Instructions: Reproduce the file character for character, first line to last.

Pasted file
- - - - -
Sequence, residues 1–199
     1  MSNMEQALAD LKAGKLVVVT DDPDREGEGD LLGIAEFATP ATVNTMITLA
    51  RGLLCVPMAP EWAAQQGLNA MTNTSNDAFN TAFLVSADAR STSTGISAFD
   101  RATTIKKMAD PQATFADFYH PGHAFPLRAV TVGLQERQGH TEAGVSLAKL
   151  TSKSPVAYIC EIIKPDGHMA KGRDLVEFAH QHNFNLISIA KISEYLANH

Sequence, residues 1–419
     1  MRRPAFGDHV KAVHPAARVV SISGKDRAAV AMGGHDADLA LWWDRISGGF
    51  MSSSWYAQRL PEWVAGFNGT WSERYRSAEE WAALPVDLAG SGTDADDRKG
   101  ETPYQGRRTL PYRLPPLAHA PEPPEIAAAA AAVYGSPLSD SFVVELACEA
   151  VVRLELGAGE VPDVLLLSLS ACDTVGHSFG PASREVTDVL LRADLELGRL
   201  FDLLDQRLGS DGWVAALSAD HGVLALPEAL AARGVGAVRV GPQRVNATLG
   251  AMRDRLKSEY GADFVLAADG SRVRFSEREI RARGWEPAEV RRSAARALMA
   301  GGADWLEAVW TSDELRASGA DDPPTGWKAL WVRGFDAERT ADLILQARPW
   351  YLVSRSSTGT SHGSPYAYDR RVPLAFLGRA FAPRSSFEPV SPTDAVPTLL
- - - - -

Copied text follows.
Sequence, residues 1–199
     1  MSNMEQALAD LKAGKLVVVT DDPDREGEGD LLGIAEFATP ATVNTMITLA
    51  RGLLCVPMAP EWAAQQGLNA MTNTSNDAFN TAFLVSADAR STSTGISAFD
   101  RATTIKKMAD PQATFADFYH PGHAFPLRAV TVGLQERQGH TEAGVSLAKL
   151  TSKSPVAYIC EIIKPDGHMA KGRDLVEFAH QHNFNLISIA KISEYLANH

Sequence, residues 1–419
     1  MRRPAFGDHV KAVHPAARVV SISGKDRAAV AMGGHDADLA LWWDRISGGF
    51  MSSSWYAQRL PEWVAGFNGT WSERYRSAEE WAALPVDLAG SGTDADDRKG
   101  ETPYQGRRTL PYRLPPLAHA PEPPEIAAAA AAVYGSPLSD SFVVELACEA
   151  VVRLELGAGE VPDVLLLSLS ACDTVGHSFG PASREVTDVL LRADLELGRL
   201  FDLLDQRLGS DGWVAALSAD HGVLALPEAL AARGVGAVRV GPQRVNATLG
   251  AMRDRLKSEY GADFVLAADG SRVRFSEREI RARGWEPAEV RRSAARALMA
   301  GGADWLEAVW TSDELRASGA DDPPTGWKAL WVRGFDAERT ADLILQARPW
   351  YLVSRSSTGT SHGSPYAYDR RVPLAFLGRA FAPRSSFEPV SPTDAVPTLL